On Monday, as much of the country stewed in bubbling heat, a boiling milestone was hit — a buoy in Florida registered a jaw-dropping 101.1 degrees Fahrenheit water temperature.
Another reason why these water temperature readings are being taken seriously is the fact that experts have been tracking the exceptionally warm water temperature readings that have ranged from 92-97 degrees since early July.
For the majority of the month, an unusual weather pattern for the summer months for the region has been the driving factor. That pattern has featured a stagnant set-up fueled by a strong area of high pressure that has led to days of above average, and in many cases, record-setting air temperatures.
The pattern has also led to weaker than average trade winds. Trade winds usually produce southeast winds and a sea breeze for south Florida, which helps to keep the sea surface temperatures in check. Instead, winds have been out of the west and weak, allowing sea surface temperatures to heat up.
Still, despite a month of record-setting water temperatures already in the history books, Sunday and Monday's 100-degree water temperature reading stunned experts.
Factors that could have played a role in spiking the water temperature above 100 degrees include:
Air temperatures in the mid-to-upper 90s.
Weak winds across the region of less than 10 mph.
Strong sunlight hitting shallow water, which heats up faster than deep water.
Silty water leading to darker color, causing more absorption of sunlight and additional heating. Think of clear water vs. murky water as being similar to cement vs. asphalt. The darker the color, the more absorption and hotter the temperatures.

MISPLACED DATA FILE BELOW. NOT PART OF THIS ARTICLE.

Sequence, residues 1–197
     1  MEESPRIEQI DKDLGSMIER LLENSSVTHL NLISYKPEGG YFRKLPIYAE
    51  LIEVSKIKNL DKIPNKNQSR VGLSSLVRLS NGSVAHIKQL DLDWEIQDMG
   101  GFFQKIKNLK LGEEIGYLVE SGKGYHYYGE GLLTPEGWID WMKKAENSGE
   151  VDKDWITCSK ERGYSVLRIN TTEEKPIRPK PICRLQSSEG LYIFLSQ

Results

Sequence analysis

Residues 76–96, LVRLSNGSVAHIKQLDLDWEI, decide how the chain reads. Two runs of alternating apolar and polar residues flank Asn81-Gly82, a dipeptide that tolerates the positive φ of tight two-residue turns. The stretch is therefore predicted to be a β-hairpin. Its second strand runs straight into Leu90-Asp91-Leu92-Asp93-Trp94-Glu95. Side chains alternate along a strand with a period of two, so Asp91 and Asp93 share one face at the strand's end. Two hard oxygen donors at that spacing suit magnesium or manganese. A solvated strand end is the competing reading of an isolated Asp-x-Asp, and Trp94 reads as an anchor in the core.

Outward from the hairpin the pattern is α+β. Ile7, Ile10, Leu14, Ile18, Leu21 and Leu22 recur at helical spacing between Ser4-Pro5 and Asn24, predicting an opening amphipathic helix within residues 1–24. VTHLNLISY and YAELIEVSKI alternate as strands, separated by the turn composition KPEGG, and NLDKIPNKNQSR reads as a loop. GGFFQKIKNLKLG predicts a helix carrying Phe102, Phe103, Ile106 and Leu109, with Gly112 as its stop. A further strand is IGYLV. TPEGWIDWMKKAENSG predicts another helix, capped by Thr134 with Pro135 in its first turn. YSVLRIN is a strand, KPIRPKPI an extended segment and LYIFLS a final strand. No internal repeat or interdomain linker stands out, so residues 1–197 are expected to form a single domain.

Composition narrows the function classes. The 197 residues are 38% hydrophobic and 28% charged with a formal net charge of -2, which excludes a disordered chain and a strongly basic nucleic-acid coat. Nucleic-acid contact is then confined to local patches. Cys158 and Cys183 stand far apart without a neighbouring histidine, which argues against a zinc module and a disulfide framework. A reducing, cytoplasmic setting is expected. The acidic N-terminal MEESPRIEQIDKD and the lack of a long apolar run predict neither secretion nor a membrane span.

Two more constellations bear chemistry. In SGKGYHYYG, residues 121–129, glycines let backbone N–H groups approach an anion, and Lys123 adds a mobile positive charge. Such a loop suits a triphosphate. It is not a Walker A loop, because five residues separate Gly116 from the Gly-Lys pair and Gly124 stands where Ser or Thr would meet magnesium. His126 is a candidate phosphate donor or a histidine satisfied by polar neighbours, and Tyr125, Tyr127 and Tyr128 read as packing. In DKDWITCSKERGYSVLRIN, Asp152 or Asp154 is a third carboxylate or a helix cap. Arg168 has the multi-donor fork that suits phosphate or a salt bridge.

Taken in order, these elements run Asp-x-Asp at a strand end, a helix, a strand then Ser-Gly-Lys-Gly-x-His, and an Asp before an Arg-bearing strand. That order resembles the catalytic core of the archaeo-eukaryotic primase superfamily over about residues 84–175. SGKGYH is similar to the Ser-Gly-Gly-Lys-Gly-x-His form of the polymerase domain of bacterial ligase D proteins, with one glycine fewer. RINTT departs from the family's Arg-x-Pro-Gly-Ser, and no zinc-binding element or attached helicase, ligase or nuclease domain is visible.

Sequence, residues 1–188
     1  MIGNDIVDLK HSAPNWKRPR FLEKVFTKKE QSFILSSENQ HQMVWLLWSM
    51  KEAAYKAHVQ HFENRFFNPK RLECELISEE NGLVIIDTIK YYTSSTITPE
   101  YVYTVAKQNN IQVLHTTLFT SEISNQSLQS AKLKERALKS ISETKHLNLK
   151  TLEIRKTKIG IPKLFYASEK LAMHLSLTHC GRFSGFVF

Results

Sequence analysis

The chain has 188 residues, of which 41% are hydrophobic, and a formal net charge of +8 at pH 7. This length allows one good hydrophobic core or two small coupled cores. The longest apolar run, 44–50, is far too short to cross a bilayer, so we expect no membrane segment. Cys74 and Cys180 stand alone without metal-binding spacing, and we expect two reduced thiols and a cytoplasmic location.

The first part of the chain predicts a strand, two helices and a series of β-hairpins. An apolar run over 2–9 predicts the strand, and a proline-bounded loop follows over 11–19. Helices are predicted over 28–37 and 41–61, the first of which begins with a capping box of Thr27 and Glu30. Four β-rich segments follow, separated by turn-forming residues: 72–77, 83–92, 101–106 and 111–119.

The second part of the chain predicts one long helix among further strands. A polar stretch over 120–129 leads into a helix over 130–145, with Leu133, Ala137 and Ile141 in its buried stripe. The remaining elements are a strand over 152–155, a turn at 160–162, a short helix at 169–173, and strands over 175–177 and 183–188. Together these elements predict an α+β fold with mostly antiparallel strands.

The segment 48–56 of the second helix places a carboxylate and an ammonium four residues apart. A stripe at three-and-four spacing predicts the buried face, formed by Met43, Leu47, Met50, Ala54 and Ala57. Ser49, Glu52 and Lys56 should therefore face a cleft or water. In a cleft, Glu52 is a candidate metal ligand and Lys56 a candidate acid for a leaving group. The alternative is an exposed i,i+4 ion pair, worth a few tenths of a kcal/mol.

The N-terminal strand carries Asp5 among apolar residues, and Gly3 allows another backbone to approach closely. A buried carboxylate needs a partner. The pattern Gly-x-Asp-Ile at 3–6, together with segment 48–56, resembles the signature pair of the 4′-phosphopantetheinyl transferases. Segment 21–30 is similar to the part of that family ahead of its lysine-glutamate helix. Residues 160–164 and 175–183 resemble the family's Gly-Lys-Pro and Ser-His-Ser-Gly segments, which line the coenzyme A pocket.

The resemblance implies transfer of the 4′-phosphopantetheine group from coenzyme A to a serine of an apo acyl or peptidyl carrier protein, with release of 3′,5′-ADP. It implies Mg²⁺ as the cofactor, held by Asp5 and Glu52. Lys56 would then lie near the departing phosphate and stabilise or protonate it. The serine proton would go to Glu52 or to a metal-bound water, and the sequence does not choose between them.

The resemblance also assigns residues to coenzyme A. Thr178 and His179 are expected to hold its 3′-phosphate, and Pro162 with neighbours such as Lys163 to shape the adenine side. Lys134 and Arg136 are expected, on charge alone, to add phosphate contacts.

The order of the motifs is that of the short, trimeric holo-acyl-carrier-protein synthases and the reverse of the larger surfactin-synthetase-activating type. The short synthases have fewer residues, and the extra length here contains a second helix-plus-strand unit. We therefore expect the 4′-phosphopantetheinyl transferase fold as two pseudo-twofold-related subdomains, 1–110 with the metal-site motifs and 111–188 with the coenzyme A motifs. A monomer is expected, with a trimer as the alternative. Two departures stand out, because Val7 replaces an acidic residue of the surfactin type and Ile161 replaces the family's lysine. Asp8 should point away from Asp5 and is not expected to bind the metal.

The water temperatures recorded Sunday and Monday would challenge the record for hottest sea surface temperature in the world. While official world water temperature records aren't kept, a 99.7 degree temperature recorded in Kuwait Bay is considered the world record at this time. Due to factors like proximity to land and the silty nature of the water, the temperatures recorded off Florida would have to go through an extensive verification process.
According to the National Oceanic and Atmospheric Administration (NOAA), ocean warming since 1991 doubles the size of the marine heat wave forecasted for September 2023.
According to the experimental forecast issued in June, 50 percent of the global oceans could experience heat wave conditions by September.
The forecast system also estimates how large and intense heat waves are without global warming’s influence on the ocean over the past three decades. Without the warming effect, the models predict that only 25 percent of the global ocean will be affected by heat waves in September.